(Video) What Are The Different Atomic Models? Dalton, Rutherford, Bohr and Heisenberg Models Explained

Failure of the Rutherford model

It should be noted that Rutherford's atomic model was not the first model to propose a nuclear structure. The idea of ​​a nuclear structure was proposed by a Japanese physicist in early 1903.Hantaro Nagaoka, who rejected Thomson's model on the grounds that opposing allegations were impenetrable.Saturn-Modell des Atomsand according to this model the atom consists of a massive positive center surrounded by several orbiting electrons, in the manner of Saturn and its rings.

(Video) √ Ernest Rutherford's Model of the Atom Explanation

The Nagaoka planetary model had two predictions:

  • a very massive atomic center (in analogy to a very massive planet)
  • Electrons orbiting the nucleus and held together by electrostatic forces

Both predictions were successfully confirmed by Ernest Rutherford in 1911, but other details of the model were wrong. Although Rutherford's atomic model is very close to the modern atomic concept, it was based on classical physics. But neither classical physics nor Rutherford's model can explain the following problem. Why are negatively charged electrons prevented from falling into the positively charged nucleus? The forces between electrically charged static particles are determined byCoulomb Leus:

Rutherford suggested that the electrons might have been spinning in orbits around the nucleus.in classical mechanicsA condition for the dynamic stability of such systems of rotating particles is that only attractive forces act between their components.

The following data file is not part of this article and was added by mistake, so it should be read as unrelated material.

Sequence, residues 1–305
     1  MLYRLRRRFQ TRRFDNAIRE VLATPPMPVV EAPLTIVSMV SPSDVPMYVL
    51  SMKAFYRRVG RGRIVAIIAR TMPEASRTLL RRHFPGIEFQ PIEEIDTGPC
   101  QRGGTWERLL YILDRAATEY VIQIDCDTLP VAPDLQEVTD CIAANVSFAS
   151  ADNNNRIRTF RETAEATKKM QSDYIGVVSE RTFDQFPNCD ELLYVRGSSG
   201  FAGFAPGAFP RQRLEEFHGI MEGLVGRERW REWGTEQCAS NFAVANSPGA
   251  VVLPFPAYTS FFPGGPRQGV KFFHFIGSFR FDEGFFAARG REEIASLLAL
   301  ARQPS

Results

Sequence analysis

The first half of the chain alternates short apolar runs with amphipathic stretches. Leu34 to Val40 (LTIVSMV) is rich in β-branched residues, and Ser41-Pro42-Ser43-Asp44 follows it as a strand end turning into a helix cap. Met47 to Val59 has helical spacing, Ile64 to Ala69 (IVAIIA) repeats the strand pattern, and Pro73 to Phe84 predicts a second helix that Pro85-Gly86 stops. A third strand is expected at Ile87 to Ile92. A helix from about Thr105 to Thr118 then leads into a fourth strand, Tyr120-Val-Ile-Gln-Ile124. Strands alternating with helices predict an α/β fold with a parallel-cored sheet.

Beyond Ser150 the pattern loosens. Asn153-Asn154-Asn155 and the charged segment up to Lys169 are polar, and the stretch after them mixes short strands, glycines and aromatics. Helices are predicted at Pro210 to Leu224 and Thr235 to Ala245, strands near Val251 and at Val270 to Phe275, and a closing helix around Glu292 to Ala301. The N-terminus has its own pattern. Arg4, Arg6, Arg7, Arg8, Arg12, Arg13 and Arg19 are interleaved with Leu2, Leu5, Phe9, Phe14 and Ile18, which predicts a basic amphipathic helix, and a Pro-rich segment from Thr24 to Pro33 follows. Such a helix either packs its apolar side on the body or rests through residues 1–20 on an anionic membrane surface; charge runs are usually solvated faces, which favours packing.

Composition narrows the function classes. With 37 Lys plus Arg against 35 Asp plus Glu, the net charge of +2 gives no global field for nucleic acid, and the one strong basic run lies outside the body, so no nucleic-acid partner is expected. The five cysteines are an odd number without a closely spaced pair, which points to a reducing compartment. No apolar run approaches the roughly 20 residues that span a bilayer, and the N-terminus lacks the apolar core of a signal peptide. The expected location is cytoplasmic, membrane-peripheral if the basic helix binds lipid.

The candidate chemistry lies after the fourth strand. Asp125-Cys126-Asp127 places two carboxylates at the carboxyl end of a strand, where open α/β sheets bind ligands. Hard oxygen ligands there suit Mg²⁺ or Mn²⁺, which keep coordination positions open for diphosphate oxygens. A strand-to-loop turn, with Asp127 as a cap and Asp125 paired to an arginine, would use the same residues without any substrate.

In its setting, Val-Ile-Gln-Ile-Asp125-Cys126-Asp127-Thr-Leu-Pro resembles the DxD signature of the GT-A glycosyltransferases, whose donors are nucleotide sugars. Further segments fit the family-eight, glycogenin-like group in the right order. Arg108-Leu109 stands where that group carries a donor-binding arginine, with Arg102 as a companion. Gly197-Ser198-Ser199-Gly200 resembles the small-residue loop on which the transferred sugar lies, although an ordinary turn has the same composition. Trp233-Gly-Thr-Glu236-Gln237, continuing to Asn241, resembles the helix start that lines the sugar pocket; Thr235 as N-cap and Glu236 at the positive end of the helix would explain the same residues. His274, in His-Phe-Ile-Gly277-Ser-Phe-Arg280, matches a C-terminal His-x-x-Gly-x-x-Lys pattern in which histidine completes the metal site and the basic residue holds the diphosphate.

Classical physics also states that any accelerated electric charge (whether oscillating or rotating)emits electromagnetic radiation. As a result, an electron orbiting within an atom must continuously lose energy and spiral towards the nucleus in fractions of a second. In fact, physicists have calculated that the electron should lose all of its energy and spiral into the proton in about 0.000000000001 seconds, meaning each atom shouldn't exist longer than 10-12seconds.

The young Danish physicist solved the problem of the stability of electrons in an atomNils BohrCollaborated with Ernest Rutherford at the University of Manchester in 1913. His adopted modelPlancks Quantenhypotheseand he proposed a model in which the electrons in an atom should revolve around the nucleus, but could only do so in a finite set of orbits. He postulated that an atom emits or absorbs energy only in discrete quanta corresponding to the absorption or radiation of an atom.Photon.


Nuclear and Reactor Physics:

  1. J. R. Lamarsh, An Introduction to Nuclear Reactor Theory, 2. Aufl., Addison-Wesley, Reading, MA (1983).
  2. J. R. Lamarsh, A. J. Baratta, Introduction to Nuclear Engineering, 3. Aufl., Prentice-Hall, 2001, ISBN: 0-201-82498-1.
  3. WM Stacey, Nuclear Reactor Physics, John Wiley & Sons, 2001, ISBN: 0-471-39127-1.
  4. Glasstone, Sessionske. Nuclear Reactor Technology: Reactor System Technology, Springer; 4th edition, 1994, ISBN:978-0412985317
  5. WSC Williams. Nuclear and Particle Physics. Clarendon Press; 1st edition, 1991, ISBN:978-0198520467
  6. GR. stay in Physics of Nuclear Kinetics. Addison-Wesley Pub. Dog; 1st edition, 1965
  7. Robert Reed Burn, Introduction to Nuclear Reactor Operation, 1988.
  8. US Department of Energy, Nuclear Physics and Reactor Theory. DOE Fundamentals Manual, Volumes 1 & 2 January 1993.
  9. Paul Reuss, Neutron Physics. Computer Sciences, 2008. ISBN: 978-2759800414.

Advanced Reactor Physics:

  1. KO Ott, WA Bezella, Introductory Nuclear Reactor Statics, American Nuclear Society, revised edition (1989), 1989, ISBN: 0-894-48033-2
  2. KO Ott, R. J. Neuhold, Introductory Nuclear Reactor Dynamics, American Nuclear Society, 1985, ISBN: 0-894-48029-4.
  3. DL Hetrick, Dynamics of Nuclear Reactors, American Nuclear Society, 1993, ISBN: 0-894-48453-2.
  4. E.E. Lewis, W.F. Miller, Computational Methods of Neutron Transport, American Nuclear Society, 1993, ISBN: 0-894-48452-4.
(Video) Bohr’s Atomic Model | Atoms and Molecules | Don't Memorise

See also:

atomic theory